Will the North African “People Power” movements sparked in Tunisia and Egypt spread through the rest of continental Africa?
On Friday, President Hosni Mubarak of Egypt turned over all power to the military, and left the Egyptian capital for his resort home in Sharm el-Sheik, Vice President Omar Suleiman announced on state television on Friday.
After eighteen days of protests, the Egyptian people finally forced the ouster of President Mubarak. While news commentators rushed to pass judgment on the ripple effects of the Arab “people power” movement on the entire Middle East region (i.e., the Arab-Israeli conflict), I thought of the millions of Africans – Christians, Muslims, and others — living under despotic regimes.
The people of southern Sudan voted to secede from Sudan. A transition to democracy is underway in Guinea after a protracted dispute over the outcome of the November 2010 Presidential runoff. Oppressive military dictatorships, human rights abuses, suppression of political parties, and ethnic violence plague several African nations.
In his prepared remarks on Friday, President Obama said,
“We saw people of faith praying together and chanting – “Muslims, Christians, We are one.” And though we know that the strains between faiths still divide too many in this world and no single event will close that chasm immediately, these scenes remind us that we need not be defined by our differences. We can be defined by the common humanity that we share.”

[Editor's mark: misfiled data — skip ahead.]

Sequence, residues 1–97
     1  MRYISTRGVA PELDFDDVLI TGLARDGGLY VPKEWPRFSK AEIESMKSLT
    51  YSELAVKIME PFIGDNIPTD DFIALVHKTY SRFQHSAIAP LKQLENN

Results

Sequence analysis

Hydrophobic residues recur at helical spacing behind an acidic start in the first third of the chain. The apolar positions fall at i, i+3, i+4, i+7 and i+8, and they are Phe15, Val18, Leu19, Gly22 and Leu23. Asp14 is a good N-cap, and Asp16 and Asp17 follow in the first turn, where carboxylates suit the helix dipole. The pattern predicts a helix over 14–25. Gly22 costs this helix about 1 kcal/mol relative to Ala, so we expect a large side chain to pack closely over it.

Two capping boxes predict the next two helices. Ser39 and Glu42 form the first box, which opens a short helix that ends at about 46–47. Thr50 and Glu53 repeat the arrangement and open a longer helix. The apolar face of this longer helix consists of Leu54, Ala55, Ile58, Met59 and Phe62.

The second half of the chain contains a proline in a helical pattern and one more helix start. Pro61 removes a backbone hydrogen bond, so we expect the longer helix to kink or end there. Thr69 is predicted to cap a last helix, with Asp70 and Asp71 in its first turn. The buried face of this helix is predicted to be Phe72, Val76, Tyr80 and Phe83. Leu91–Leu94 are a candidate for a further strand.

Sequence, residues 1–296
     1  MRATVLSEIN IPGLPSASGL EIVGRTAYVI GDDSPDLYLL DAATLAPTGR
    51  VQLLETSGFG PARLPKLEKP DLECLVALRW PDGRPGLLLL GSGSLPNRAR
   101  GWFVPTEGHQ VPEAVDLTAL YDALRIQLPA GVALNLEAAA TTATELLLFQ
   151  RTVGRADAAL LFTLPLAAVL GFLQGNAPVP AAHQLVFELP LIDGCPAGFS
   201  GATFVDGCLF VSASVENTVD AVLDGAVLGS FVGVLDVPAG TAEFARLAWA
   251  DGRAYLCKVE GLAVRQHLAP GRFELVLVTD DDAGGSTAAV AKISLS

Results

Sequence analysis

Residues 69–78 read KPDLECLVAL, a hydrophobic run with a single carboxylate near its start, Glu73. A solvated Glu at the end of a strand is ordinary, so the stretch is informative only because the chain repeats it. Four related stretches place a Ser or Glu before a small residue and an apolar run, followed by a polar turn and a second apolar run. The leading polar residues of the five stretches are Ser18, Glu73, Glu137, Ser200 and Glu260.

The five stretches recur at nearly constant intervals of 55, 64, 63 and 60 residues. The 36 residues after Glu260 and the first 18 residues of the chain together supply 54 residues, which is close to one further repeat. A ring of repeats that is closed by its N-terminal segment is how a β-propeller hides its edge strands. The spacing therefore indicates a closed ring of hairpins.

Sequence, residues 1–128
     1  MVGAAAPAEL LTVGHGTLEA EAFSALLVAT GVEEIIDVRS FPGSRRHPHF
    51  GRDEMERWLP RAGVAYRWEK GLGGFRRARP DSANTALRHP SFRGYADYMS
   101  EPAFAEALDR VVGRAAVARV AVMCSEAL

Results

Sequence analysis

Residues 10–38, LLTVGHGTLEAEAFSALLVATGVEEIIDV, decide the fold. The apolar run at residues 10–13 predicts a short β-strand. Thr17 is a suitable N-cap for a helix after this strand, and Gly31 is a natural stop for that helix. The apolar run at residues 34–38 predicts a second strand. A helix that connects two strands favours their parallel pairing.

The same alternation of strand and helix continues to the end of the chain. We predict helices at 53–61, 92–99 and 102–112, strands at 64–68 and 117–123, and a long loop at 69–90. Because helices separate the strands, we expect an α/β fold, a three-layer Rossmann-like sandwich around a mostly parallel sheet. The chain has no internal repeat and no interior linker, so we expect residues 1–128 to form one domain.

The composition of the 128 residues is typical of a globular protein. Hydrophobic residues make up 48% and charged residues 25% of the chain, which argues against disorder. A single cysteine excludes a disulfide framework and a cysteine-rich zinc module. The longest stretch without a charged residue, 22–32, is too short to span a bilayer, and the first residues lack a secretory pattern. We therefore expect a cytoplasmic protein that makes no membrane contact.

Given Africa’s colonial and post-colonial history, I am hopeful that a modern “people power” movement will arise. President Obama is correct, “we need not be defined by our differences.” Our shared humanity requires those of us in the African Diaspora to play a role in supporting democratic movements abroad. Change came to South Africa after a worldwide campaign in support of the ANC and against apartheid. Today, I am optimistic, as President Obama said about Egypt, that the arc of history will bend towards justice throughout Africa.
Do you believe that the United States should pressure despotic regimes and military juntas in Africa to transition towards participatory democracy? Will the widespread use of ‘social media’ enable a people power movement to take root in Africa? I’d like to know your thoughts. Post your thoughts in the comments section. Respond to the poll and share this blog with your friends.